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COVID-19 Vaccine FAQs

[Updated: 01/04/21]

Is there a COVID-19 vaccine?

There are several COVID-19 vaccines in development.

Three vaccines, the Pfizer-BioNTech vaccine, the Oxford-AstraZeneca vaccine and the Moderna vaccine, have been approved for use in the UK by the Medicine and Healthcare Products Regulatory Agency (MHRA).

Vaccinations with the Pfizer-BioNTech vaccine, the Oxford-AstraZeneca vaccine and the Moderna vaccine are currently underway.

Will myeloma patients be prioritised for the COVID-19 vaccine?

The Joint Committee for Vaccination and Immunisation (JCVI) has published guidance detailing how the COVID-19 vaccines should be prioritised.

Clinically extremely vulnerable people, including myeloma patients, are in the 4th priority group and should be offered a vaccine after people who live or work in care homes, frontline health and social care workers and those aged over 75.

Will carers and/or family members living with myeloma patients be prioritised for the COVID-19 vaccination?

Carers who are in receipt of a carer’s allowance or who are the main carer of an elderly or disabled person whose welfare may be at risk if the carer falls ill have been prioritised and are included in the 6th priority group.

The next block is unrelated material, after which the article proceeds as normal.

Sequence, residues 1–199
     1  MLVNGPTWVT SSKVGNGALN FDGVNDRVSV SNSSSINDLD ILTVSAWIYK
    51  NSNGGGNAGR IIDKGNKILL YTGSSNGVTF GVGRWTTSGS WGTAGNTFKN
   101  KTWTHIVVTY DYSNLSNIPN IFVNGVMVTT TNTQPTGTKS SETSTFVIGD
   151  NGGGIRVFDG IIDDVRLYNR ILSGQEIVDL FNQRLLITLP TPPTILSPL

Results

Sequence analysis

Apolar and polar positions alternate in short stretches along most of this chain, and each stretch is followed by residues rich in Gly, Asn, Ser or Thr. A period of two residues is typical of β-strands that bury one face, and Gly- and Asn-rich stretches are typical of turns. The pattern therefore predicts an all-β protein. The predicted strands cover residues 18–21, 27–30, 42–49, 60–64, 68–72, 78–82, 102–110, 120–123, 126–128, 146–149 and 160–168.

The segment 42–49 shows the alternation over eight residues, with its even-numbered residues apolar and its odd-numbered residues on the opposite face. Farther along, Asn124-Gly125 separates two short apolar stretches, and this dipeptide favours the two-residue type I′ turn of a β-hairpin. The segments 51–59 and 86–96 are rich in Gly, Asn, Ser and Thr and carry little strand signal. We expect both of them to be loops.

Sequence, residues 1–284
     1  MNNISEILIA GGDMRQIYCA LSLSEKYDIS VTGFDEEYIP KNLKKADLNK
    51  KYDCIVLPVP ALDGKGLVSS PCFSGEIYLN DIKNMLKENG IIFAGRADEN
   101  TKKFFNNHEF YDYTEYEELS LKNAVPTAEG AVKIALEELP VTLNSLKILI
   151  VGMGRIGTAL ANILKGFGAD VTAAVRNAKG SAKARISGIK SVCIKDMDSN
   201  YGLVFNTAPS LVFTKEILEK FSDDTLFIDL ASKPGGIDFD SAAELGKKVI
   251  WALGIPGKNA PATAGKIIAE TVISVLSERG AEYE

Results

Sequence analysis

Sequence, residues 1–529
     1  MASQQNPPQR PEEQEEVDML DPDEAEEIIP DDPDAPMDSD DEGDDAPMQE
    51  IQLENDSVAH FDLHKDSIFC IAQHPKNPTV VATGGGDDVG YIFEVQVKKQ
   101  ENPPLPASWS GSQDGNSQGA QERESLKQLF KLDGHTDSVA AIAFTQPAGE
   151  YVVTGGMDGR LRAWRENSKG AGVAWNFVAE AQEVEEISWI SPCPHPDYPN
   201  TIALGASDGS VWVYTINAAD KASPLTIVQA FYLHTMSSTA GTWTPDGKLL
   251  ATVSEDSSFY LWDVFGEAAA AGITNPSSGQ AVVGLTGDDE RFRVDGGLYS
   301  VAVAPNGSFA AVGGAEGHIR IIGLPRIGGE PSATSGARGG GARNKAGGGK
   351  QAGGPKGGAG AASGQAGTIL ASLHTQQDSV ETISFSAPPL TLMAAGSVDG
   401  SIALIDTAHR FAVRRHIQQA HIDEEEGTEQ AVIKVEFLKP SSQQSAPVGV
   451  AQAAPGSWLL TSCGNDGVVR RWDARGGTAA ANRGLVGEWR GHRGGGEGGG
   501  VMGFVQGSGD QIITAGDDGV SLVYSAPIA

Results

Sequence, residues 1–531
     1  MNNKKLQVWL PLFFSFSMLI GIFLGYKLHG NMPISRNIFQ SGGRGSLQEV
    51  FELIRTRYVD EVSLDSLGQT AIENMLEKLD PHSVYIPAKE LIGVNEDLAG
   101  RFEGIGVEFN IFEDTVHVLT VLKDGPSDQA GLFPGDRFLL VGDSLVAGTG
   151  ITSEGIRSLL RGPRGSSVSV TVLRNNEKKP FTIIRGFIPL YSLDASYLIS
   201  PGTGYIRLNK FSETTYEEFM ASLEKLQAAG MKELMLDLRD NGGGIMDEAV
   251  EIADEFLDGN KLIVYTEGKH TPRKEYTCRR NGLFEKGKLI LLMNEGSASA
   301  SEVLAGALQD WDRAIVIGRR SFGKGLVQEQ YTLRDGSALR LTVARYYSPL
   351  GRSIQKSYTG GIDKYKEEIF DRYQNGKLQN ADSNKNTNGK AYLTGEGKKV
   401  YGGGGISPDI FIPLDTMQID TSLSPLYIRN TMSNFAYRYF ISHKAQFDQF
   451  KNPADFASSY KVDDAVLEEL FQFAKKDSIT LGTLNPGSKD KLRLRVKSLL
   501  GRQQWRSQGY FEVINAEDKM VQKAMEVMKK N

On 29 March the JCVI  recommended that anyone over 16 who lives with an adult with a weakened immune system should be prioritised for the COVID-19 vaccine.  Therefore, adults living with myeloma patients will soon be placed in the 6th priority group for the COVID-19 vaccine and should hear more about their vaccination soon.  This recommendation was made because there is more data about the impact of vaccination on COVID-19 transmission.

When will myeloma patients receive the vaccine?

Vaccines are being given in line with the priority list. Myeloma patients are included in the 4th priority group along with those over 70 years old, therefore, most patients will have received their first dose of the vaccine already.

You can find out more about the vaccination programmes across the UK and how to book and/or manage your vaccination appointments via the NHS website.

Should myeloma patients be vaccinated?

The current advice from the Joint Committee for Vaccination and Immunisation (JCVI) is that anyone who is offered a COVID-19 vaccine should have it, this includes myeloma patients.

When you receive your vaccination letter, we advise that you inform your clinical team who will be able to advise you on whether the timing of your vaccination fits with any ongoing treatment.